Bangladesh opens mosque for transgender hijra community

Bangladesh Fri, March 29, 2024

After being expelled from prior prayer sessions, the transgender hijra community in Bangladesh was welcomed into a new mosque with the assurance that they would be able to worship without facing any discrimination. The modest building, a one-room hut with walls and a tin roof, serves as the minority’s new community center. Although they have recently gained more legal and political recognition, they are still subject to pervasive prejudice.

Community activist Joyita Tonu addressed the crowded assembly, saying, “From now on, no one can deny a hijra from praying in our mosque.” Adding, “No one can mock us,” the 28-year-old, whose hair was covered in a white scarf, was obviously distraught. Situated on the banks of the Brahmaputra river, north of the capital Dhaka, the mosque near Mymensingh was constructed on land provided by the government subsequent to the expulsion of the city’s hijra community from an established congregation.

“I never imagined I could pray at a mosque again in my lifetime,” said 42-year-old Sonia, who attended an Islamic seminary and enjoyed reciting the Quran as a child. However, she was prevented from praying at a mosque after coming out as a hijra, the term used to describe transgender women in South Asia.

“We would hear comments like, ‘Why are you hijra people at mosques?’ from others. It is best for you to pray at home. “Please refrain from visiting the mosques,” Sonia, who goes by one name, said to AFP. “It was shameful for us, so we didn’t go,” she said. This is our mosque, now. Nobody can say no anymore.

” ‘Like any other people’

Since 2013, members of the Hijra community in Bangladesh have been formally permitted to identify as a third gender, a development that has benefited them greatly. A number of them have entered politics in Bangladesh; in 2021, a transgender lady was elected mayor of a small town in the country. However, while not having the right to own property or get married, hijra still struggle to be accepted on a basic level.

In addition, they face discrimination in the workplace frequently and are far more prone than the ordinary Bangladeshi to become victims of violent crime and poverty. The inclusion of transgender Bangladeshis in school textbooks has angered hardline Islamist groups as well, sparking protests demanding the government give up on its efforts to integrate them in the curriculum.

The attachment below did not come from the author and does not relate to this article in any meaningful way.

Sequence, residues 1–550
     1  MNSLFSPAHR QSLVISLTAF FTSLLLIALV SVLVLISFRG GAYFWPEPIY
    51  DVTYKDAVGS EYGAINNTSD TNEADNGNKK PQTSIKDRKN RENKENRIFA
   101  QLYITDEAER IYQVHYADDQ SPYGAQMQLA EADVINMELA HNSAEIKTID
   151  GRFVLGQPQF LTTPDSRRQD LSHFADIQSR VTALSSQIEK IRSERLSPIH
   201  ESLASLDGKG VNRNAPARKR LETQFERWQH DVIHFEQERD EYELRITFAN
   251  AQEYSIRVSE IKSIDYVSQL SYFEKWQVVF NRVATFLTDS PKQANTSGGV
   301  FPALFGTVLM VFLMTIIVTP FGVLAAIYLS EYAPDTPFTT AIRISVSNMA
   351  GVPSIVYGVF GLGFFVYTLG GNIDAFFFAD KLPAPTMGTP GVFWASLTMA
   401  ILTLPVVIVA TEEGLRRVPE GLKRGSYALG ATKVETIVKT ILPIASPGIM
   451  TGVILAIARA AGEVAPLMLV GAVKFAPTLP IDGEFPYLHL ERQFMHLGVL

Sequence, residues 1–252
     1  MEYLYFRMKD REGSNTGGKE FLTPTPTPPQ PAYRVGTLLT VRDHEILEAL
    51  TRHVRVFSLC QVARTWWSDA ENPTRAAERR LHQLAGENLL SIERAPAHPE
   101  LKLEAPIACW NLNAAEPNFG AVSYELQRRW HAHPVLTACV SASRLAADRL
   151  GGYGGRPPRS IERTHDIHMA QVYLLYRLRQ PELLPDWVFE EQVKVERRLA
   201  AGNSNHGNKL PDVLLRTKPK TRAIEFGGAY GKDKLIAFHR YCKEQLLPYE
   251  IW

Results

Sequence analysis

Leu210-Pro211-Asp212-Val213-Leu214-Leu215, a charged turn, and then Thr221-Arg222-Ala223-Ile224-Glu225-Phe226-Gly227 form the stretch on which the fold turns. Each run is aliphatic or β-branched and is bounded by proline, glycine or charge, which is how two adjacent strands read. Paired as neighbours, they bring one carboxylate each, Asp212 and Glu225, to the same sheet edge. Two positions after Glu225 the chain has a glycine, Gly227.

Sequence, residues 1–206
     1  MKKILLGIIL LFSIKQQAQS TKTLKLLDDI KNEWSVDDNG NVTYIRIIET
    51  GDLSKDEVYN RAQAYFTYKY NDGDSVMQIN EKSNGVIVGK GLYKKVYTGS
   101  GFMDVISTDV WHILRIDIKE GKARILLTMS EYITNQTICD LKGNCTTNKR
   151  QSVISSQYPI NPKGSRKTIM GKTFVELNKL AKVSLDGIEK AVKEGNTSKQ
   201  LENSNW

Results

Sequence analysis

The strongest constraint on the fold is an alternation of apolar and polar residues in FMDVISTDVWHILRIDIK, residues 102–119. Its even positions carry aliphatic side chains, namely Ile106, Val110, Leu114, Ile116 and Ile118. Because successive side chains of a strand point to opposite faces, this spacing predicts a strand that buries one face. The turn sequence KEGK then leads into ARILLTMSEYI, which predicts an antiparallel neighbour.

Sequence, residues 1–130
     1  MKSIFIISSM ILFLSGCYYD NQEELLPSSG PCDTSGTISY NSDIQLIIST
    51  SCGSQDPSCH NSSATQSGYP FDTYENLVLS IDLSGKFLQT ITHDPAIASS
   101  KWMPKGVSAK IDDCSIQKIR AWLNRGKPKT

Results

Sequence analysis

A hijra charity’s founder, Mufti Abdur Rahman Azad, told AFP that the new mosque was the nation’s first of its kind. He said that local opposition last month forced the cancellation of a similar project that was scheduled for another city. The Dakshin Char Kalibari Masjid for the Third Gender was constructed this month thanks to the labor and financial contributions of dozens of local hijra women.

In response to a nearby Muslim cemetery’s refusal to bury a young hijra woman within its grounds last year, it also features a cemetery. Abdul Motaleb, a 65-year-old imam of the mosque, declared that the persecution of the hijra community went against the principles of his faith. The cleric told AFP, “They are like any other people created by Allah.” “No one is impervious.” “Humans are what we are all.” All of them are human, even though some may be men and some women. No one may be denied the ability to pray because Allah made the Holy Koran accessible to all.” Motaleb stated that the faith and resilience of the hijra could serve as a lesson for other Bangladeshis.

“Since I have been here at this mosque, I have been impressed by their character and deeds,” he stated. Prejudice is already being addressed by the new mosque. For the second week in a running, 53-year-old local resident Tofazzal Hossain has offered Friday prayers there. He claimed that his “misconceptions” about the hijra group have been altered by living and praying with them.

“When they started to live with us, many people said many things,” he stated to AFP. But we now realize that not everything people say is accurate. They lead moral lives just like any other Muslim.” In order to accommodate more people, Tonu intends to enlarge the modest mosque. She told AFP, “God willing, we will do it very soon.” “Hundreds of people can offer prayers together.”

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